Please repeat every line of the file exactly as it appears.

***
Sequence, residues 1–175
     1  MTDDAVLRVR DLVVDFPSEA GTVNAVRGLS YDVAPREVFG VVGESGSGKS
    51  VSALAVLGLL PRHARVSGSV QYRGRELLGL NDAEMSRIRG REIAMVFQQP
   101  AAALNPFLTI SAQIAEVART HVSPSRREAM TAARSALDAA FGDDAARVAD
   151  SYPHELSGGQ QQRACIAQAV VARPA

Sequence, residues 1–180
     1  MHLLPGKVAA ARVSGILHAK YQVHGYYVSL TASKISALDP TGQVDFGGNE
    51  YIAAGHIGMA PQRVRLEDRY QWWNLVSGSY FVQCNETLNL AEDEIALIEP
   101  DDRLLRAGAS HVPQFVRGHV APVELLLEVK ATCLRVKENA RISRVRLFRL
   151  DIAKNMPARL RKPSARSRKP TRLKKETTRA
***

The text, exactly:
Sequence, residues 1–175
     1  MTDDAVLRVR DLVVDFPSEA GTVNAVRGLS YDVAPREVFG VVGESGSGKS
    51  VSALAVLGLL PRHARVSGSV QYRGRELLGL NDAEMSRIRG REIAMVFQQP
   101  AAALNPFLTI SAQIAEVART HVSPSRREAM TAARSALDAA FGDDAARVAD
   151  SYPHELSGGQ QQRACIAQAV VARPA

Sequence, residues 1–180
     1  MHLLPGKVAA ARVSGILHAK YQVHGYYVSL TASKISALDP TGQVDFGGNE
    51  YIAAGHIGMA PQRVRLEDRY QWWNLVSGSY FVQCNETLNL AEDEIALIEP
   101  DDRLLRAGAS HVPQFVRGHV APVELLLEVK ATCLRVKENA RISRVRLFRL
   151  DIAKNMPARL RKPSARSRKP TRLKKETTRA